When British sitcoms ended up being transferred onto the big screen, mainly during the 1960s and 1970s, they tended to retain the same lead cast members, and take advantage of a comparatively higher budget than was available on the telly, breaking out of the confines of a TV studio, and sometimes even taking the characters on holiday (even if it was only as far as the Costa del Elstree).
However, when it came to adapting 1982’s London Weekend Television six-part sitcom Whoops Apocalypse, the writing team of Andrew Marshall and David Renwick took the unusual step of discarding practically everything from the original TV version – except for the title, the basic notion, and one of the characters – preferring instead to do a page one rewrite, and create a new, self-contained iteration, with a shape and plot far more suited to a theatrical release.
Marshall and Renwick first joined forces on Radio 4’s Week Ending, before creating the radio sketch show The Burkiss Way (which they subsequently tried to bring to TV as LWT’s short-lived End Of Part One). The pair also penned material for The Two Ronnies and Spike Milligan’s There’s A Lot Of It About, as well as going on to co-write BBC 2’a Alexei Sayle’s Stuff with the titular star. Marshall and Renwick would also individually create and write the sitcoms 2point4 Children (Marshall) and One Foot In The Grave (Renwick).
After deciding to cast aside the original LWT production (all six episodes of which are currently available on BritBox), it meant bidding goodbye to incompetent US President Johnny Cyclops and insane British PM Kevin Pork. Instead, Marshall and Renwick created brand new characters, including rookie President Barbara Adams (Loretta Swit) and deranged PM Sir Mortimer Chris (Peter Cook). Having put out both the TV and movie versions over a decade ago as a two-disc DVD release, Network Distributing are now bringing us a newly restored version of the 1986 feature all by itself.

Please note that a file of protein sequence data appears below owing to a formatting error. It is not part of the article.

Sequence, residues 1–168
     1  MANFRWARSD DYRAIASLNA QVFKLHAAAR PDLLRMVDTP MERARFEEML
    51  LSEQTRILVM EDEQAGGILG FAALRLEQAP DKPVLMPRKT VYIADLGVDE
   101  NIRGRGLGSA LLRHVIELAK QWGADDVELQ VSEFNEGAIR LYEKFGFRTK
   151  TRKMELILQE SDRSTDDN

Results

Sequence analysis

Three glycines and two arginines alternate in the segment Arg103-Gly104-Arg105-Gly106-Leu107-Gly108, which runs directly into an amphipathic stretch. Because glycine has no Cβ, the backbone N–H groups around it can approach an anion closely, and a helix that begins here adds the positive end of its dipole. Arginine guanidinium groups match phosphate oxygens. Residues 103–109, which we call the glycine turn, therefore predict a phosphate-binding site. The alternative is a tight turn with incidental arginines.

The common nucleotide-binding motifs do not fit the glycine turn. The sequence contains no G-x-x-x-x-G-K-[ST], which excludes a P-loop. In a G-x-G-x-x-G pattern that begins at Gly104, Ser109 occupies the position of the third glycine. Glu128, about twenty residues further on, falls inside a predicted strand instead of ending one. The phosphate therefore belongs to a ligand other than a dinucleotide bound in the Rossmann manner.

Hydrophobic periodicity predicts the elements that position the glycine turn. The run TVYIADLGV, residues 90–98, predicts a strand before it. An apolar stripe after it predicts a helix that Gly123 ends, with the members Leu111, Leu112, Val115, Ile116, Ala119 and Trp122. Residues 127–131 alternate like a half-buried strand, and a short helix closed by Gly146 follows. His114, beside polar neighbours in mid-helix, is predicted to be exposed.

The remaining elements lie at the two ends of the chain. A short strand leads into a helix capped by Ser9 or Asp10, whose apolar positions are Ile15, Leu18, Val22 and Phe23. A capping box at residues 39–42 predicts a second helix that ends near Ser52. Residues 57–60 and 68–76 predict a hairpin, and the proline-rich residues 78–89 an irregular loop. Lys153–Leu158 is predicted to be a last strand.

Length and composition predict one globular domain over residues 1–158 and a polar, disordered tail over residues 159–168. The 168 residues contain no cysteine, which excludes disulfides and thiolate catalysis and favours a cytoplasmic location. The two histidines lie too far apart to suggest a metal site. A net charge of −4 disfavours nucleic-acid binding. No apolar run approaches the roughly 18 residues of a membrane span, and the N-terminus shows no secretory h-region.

The film of Whoops Apocalypse sees the world brought to the brink of a catastrophic crisis, after the British colony of Santa Maya is invaded by neighbouring Maguadora, which is ruled under the iron fist of the tyrannical General Mosquera (Herbert Lom). After British PM Sir Mortimer Chris launches a Taskforce to recover the colony, Mosquera hires the famed international terrorist Lacrobat (Michael Richards) to exact his revenge, by kidnapping Princess Wendy (Joanne Pearce), a beloved member of the Royal Family.
Things become even more complicated due to Mosquera’s regime having the backing of the Russians, who are building a nuclear base in the Caribbean, within striking range of US soil. President Adams has the difficult task of trying to keep the peace by stopping the increasingly unhinged Chris from launching a nuclear strike on Maguadora if Princess Wendy is not returned. With the world on the brink of a global nuclear war between rival superpowers, even the slightest mistake could lead to mutually assured destructionL and all the while the clock is ticking…